The current pandemic makes many things different than what we thought normal. As a sister rightly said, “we had no time when we missed the routines more than now.” The life of a Christian is not an exception. Worship and Bible class are through the internet, the contribution is through Paypal or mail, and Skype and FaceTime replace face-to-face fellowship. These abrupt changes invite us to think about what has to remain unchanged regardless of the situation. I’d like to suggest an answer from a few early chapters of the book of Mark.
This section indicates that Jesus was busy. According to Mark 1:21 through the end of chapter 3, Jesus became renowned (1:28), and great crowds were constantly coming to Him (1:37, 45; 2:2, 13; 3:7-9, 20, and 32). Matthew 3:23 precisely summarizes what Jesus was doing at this time. He was teaching and proclaiming the gospel, helping the sick and the afflicted. In other words, He was busy “doing the will of God” (cf. 3:35).
The antagonists in this section are the Pharisees and their scribes. They were constantly questioning what Jesus was doing, and, finally, they concluded that they needed to destroy Him (3:6). Even though Jesus was doing the will of God, they didn’t or couldn’t see it. Instead, they were trying to find fault with Him. As a result, they were opposed to Jesus, and this tension led to one conflict after another.
The first conflict happened when Jesus said the paralytic was “forgiven” (2:5). They thought a man saying such a thing was a blasphemy against God (2:7). Instead of celebrating the paralytic’s liberation from suffering, they focused on Jesus’ words and accused Him of sinning.
It was the pride of the Pharisees and the scribes that caused the next conflict. They had passed their judgment on tax collectors. To them, the tax collectors were permanently condemned as sinners, and it was useless to help and teach them the truth. So, when they saw Jesus with tax collectors, they criticized Him, instead of praising His effort to save sinners (2:13f).
The worst conflict came when the Pharisees saw Jesus and His disciples violating the Sabbath. They saw disciples plucking some heads of grains when they were passing through a field. Jesus’ response to them suggests that the disciples did this because they were hungry but didn’t have time to eat (cf. 3:20; 6:31). They were too busy helping people.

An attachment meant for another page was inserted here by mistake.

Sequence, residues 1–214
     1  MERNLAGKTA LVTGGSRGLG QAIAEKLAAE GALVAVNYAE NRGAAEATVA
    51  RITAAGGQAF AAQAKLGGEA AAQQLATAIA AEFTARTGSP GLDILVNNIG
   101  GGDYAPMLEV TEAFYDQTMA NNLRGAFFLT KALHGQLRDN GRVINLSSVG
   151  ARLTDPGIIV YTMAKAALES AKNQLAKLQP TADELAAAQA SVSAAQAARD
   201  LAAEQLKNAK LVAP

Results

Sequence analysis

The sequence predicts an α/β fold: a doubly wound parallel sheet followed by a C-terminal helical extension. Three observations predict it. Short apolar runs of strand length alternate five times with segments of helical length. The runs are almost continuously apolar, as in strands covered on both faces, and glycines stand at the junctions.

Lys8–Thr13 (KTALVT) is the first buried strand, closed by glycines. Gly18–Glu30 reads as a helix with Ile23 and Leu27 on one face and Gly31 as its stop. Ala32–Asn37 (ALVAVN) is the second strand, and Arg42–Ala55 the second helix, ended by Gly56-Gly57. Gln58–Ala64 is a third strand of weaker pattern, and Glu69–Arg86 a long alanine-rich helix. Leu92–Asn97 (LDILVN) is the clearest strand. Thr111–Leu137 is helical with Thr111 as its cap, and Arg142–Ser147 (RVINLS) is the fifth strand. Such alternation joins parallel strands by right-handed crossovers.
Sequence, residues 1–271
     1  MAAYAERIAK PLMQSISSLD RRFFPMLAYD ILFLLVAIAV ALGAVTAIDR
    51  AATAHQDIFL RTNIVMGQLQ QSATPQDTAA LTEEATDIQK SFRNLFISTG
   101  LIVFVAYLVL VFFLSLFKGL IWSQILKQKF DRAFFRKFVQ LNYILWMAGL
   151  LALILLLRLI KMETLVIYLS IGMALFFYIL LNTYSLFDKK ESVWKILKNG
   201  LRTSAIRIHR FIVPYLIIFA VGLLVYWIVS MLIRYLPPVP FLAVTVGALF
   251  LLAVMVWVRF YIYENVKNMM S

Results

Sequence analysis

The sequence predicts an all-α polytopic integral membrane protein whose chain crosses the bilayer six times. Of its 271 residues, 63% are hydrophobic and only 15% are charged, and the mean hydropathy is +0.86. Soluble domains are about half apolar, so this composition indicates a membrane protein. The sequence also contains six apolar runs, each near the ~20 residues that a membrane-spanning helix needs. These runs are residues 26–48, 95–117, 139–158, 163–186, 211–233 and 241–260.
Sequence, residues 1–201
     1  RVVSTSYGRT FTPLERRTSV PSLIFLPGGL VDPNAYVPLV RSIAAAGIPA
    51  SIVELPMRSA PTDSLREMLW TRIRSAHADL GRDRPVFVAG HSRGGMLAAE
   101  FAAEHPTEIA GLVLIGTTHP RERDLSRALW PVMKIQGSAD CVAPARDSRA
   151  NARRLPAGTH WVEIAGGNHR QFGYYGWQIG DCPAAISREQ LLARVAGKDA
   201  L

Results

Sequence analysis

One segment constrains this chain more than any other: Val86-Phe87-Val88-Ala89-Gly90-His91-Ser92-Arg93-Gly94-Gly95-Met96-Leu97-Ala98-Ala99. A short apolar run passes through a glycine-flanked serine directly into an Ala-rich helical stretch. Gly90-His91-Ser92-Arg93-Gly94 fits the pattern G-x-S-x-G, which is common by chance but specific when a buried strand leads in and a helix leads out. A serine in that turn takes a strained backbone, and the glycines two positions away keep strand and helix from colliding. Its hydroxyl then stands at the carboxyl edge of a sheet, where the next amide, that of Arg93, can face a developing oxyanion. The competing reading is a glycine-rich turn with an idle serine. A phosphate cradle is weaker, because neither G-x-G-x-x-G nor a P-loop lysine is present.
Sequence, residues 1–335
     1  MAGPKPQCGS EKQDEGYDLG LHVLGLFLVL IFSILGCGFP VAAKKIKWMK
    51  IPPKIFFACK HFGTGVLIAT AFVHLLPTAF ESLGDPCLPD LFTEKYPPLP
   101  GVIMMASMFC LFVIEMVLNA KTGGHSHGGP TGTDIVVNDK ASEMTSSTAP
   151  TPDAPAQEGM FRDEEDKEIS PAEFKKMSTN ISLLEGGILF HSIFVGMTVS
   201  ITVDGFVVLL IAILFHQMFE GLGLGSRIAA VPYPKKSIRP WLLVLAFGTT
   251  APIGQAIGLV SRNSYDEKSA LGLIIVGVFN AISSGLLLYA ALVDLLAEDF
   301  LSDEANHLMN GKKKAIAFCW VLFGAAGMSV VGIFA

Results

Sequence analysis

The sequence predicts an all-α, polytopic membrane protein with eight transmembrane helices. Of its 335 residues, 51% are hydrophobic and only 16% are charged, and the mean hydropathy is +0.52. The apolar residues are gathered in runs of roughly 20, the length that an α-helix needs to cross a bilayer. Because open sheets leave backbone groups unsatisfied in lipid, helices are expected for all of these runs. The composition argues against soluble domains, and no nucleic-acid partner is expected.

Then the most decisive incident happened, and tension reached its peak. Jesus did an “unlawful” thing: He healed a sick man on a Sabbath (3:1f). After this conflict, the Pharisees and the scribes conspired to destroy Him (3:6).
Even though the Pharisees and the scribes ignorantly accused Jesus of blaspheming God and violating Mosaic law, what He was so busily doing was the will of God (cf. 3:35). So, how Jesus acted reveals the unchanging truth. He prioritized the needs of the needy and offered help to them even on a Sabbath. His spirit was humane, kind, merciful, and gracious. Everything He did was absolutely out of love.
Jesus knew what couldn’t change. The popular teaching of the Pharisees and the scribes could not restrict His love of people. Even the Sabbath law couldn’t stop His service to people. In every situation, He held on to this truth with all His might—He helped those in need physically as well as spiritually.
The truth is not situational or transitional. It is true at any time, to any people, and in any situation. This section of scripture teaches that keeping a religious tradition or the law of a society, such as the Law of Moses, is not the unchanging truth. They are situational, temporary, and regional. Loving others is universal (cf. 1 Cor. 13:13). It should apply to everyone in all generations all over the world. According to what Jesus exhibited in this section, the truth is loving people by helping them and proclaiming the gospel to them.
This was what the Pharisees and the scribes couldn’t get. Their hearts were darkened so that they did not see the needs of people, have compassion for them, or show kindness and love to them. Not only that, but they were also arrogant, which kept them from seeing that Jesus was righteous. They were like an old garment and an old wineskin that couldn’t contain any new teaching. Blinded by situational things, they ignored the universal truth.
The current pandemic forces us Christians to do many things differently than we would normally do. However, we should not compromise truth even in this dire situation. For example, we can change the ways we love, but we should genuinely love people—especially brothers and sisters in Christ. We can change the way we worship God (e.g., through the internet as we do now), but we should worship in spirit and truth, and in one mind among brothers and sisters in Christ. We can change the way we fellowship in a special situation (e.g., through FaceTime or Skype), but we should remain in the fellowship by walking in the light.